Just because you’ve assembled a massive trove of information and made it searchable doesn’t necessarily mean that you have something that’s going to be useful to anybody. If you don’t know where that information is coming from and whether you can trust it, then it’s useless. The same idea applies to big data analytics. If you don’t know where the data is coming from, your data lake will quickly start to resemble a swamp instead of what it should resemble: a reservoir, something that guarantees access, quality, and provenance.
Here are four ways to ensure that your data lake successfully meets your future data analysis needs.
Understand that data is heterogeneous. No two data tables are perfectly alike. In fact, if you think about the three “Vs” of big data – volume, velocity, and variety, you’ll quickly realize that the first two really don’t present much of a problem. We have known how to scale things for a while, and many data systems are capable of doing so extremely well.
The problem that big data presents isn’t so much the size of the table, it’s the variety of data. A lot of data doesn’t feel “table-like” and needs to be accessed in ways that don’t fit relational algebra. Increasingly, it is by finding ways to contend with the variety within big data and, by extension, Hadoop, that we are able to see things clearly. Otherwise, we are just building larger and more powerful ways to compare apples with oranges.
There is no free lunch, only more choices. While it’s true that the tools for data analysis are stronger than ever before, we are still a long way from automating any of these processes. And while curated information is easier to sort through, data wildness is only one characteristic of data sets. Is it memory oriented or graph oriented? Is the information going to be more helpful if it is indexed or if it is easier to search? These are all questions that still are best answered with the help of a human being. Thinking that a particular tool can bail you out is naïve; there is no such thing as a free lunch in life. Why would we expect data analysis to be any different?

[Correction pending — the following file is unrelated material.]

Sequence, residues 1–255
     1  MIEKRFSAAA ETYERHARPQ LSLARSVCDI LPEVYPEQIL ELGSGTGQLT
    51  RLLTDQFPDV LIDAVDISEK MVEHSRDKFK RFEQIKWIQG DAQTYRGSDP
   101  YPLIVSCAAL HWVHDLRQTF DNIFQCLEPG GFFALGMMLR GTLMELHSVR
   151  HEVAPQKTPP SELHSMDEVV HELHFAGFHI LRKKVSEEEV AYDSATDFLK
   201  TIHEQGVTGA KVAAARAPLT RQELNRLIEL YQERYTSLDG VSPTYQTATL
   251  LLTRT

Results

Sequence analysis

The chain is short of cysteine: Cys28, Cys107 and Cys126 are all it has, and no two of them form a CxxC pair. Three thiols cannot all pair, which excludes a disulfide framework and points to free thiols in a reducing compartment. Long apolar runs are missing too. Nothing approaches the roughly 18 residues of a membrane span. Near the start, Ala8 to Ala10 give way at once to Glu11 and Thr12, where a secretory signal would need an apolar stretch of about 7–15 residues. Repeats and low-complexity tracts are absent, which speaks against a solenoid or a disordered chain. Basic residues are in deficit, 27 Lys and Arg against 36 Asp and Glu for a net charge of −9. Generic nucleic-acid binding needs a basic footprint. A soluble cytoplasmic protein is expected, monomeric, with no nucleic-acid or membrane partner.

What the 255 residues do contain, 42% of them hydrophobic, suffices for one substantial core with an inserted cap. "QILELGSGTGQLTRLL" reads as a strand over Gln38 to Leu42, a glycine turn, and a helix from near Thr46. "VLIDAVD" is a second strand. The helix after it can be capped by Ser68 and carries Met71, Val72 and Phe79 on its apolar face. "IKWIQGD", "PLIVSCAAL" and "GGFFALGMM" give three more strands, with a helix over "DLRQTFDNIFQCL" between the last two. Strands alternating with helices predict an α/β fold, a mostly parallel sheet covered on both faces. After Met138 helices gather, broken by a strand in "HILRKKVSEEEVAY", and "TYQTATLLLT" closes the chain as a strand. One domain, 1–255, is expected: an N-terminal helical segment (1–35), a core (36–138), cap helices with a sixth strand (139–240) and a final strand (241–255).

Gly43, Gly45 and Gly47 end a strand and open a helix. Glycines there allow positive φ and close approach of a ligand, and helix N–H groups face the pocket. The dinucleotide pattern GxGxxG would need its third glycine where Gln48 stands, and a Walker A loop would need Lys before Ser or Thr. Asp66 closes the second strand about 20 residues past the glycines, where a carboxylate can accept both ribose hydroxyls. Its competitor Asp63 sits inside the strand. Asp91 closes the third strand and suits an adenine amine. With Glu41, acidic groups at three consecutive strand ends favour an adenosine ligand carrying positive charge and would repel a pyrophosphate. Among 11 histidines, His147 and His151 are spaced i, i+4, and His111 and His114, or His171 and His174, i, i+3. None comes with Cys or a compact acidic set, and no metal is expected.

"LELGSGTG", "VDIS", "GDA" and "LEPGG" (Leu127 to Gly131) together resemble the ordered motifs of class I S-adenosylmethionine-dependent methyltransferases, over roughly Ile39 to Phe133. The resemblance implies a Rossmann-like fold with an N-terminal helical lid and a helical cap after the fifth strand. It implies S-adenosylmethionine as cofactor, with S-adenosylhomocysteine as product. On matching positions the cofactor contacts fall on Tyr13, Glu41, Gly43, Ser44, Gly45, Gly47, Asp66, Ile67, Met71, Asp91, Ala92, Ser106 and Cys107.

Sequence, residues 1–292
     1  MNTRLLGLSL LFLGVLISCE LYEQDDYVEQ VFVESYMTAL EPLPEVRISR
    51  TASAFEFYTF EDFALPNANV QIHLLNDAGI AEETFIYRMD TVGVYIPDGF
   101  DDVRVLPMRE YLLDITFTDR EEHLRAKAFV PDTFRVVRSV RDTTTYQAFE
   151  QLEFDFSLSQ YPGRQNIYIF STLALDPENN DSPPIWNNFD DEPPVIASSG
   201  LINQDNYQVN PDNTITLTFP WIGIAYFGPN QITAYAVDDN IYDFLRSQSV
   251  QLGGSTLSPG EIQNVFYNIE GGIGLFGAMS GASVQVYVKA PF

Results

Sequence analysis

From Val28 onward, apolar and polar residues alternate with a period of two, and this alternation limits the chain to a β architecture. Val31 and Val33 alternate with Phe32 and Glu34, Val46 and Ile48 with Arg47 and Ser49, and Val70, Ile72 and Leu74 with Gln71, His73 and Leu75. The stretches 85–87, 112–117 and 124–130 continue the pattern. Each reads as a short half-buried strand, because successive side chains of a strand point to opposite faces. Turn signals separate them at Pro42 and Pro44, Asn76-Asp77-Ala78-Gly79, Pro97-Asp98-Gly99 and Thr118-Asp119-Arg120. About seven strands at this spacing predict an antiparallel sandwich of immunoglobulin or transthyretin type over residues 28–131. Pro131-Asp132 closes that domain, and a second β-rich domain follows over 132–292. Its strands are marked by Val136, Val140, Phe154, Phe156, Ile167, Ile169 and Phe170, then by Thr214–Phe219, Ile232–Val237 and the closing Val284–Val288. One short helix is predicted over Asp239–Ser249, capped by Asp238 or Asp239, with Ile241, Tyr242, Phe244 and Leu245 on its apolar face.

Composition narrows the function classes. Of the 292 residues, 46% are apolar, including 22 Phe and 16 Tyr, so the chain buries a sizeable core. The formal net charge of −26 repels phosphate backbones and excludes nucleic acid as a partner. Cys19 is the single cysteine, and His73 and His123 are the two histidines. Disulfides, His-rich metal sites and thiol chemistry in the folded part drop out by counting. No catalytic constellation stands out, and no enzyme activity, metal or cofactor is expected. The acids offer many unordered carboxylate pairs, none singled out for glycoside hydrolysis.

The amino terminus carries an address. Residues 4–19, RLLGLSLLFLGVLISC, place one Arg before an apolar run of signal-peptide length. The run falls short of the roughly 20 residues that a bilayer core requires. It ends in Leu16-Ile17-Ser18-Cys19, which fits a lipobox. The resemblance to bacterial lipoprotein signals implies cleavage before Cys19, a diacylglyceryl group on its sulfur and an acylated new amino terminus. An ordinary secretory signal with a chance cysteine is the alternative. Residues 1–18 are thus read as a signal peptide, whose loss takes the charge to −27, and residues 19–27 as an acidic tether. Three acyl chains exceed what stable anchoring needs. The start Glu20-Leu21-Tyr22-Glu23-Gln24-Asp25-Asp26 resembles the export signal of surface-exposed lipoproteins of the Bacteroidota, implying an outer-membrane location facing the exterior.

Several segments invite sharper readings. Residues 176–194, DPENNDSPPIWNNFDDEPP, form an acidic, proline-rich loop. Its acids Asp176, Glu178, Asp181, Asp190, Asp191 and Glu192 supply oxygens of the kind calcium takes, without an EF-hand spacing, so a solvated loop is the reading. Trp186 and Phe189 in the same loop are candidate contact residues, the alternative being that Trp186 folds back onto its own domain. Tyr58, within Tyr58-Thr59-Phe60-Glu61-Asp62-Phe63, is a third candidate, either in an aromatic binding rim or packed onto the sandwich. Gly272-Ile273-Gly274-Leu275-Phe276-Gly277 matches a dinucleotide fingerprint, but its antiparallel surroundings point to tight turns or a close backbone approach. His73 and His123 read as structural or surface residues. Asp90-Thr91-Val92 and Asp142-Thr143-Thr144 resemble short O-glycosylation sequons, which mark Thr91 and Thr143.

Understand the value of metadata. Just as no science experiment would be taken seriously if it didn’t use a control group, no data analysis is worth very much if it doesn’t make use of metadata. In order to call your data a true “reservoir” or “lake,” you need to be able to provide the business-level guarantees that one comes to expect from a data warehouse without concomitant ETL constraints. One of its most important characteristics often will be the presence of metadata that enables non-experts to know the location of and entitlements to the various forms of stored data within. Like actual bodies of water, data lakes occur naturally. Metadata is one of the only ways in which you’ll be able to make sense of information that comes in at unpredictable times and from all over the world.
Add in your own enterprise features. Every use case will have a unique solution. Geography may be an issue. (Analyzing data from two places at once is already a challenge, and it really doesn’t help if those two places are in different countries with different laws and regulatory challenges.) Your problem just as easily could be cleaning messy data, as computers are not always great at spotting duplicates. Data lakes, or data silos, are good for consolidating and incrementally refining information, but a “lowest common denominator” solution doesn’t help everyone. You need to build out unique enterprise features that go with the data you are trying to analyze. It’s important to understand that the data lake is part of a bigger ecosystem of enterprise data tools – there continues to be great value in having data warehouses, discovery platforms, and real-time processing systems that work in concert with your data lake.
The variety of big data and Hadoop’s continued customizability remain two of the central themes of data analysis. Be wary of any provider that claims to be a “one-stop shop.” On the contrary, it is only by keeping the limitations of data access patterns and the technological tools we have at our disposal that we are able to parse them in any meaningful way. You wouldn’t buy a bottle of water if you didn’t know where it came from. By increasing the specificity and clarity of language we use to talk about big data, we will increase our ability to produce insights you can actually trust.
Ron Bodkin is the founder and CEO of Think Big Analytics. Ron founded Think Big to help companies realize measurable value from big data. Think Big is the leading provider of independent consulting and integration services specifically focused on big data solutions. Our expertise spans all facets of data science and data engineering and helps our customers to drive maximum value from their big data initiatives.
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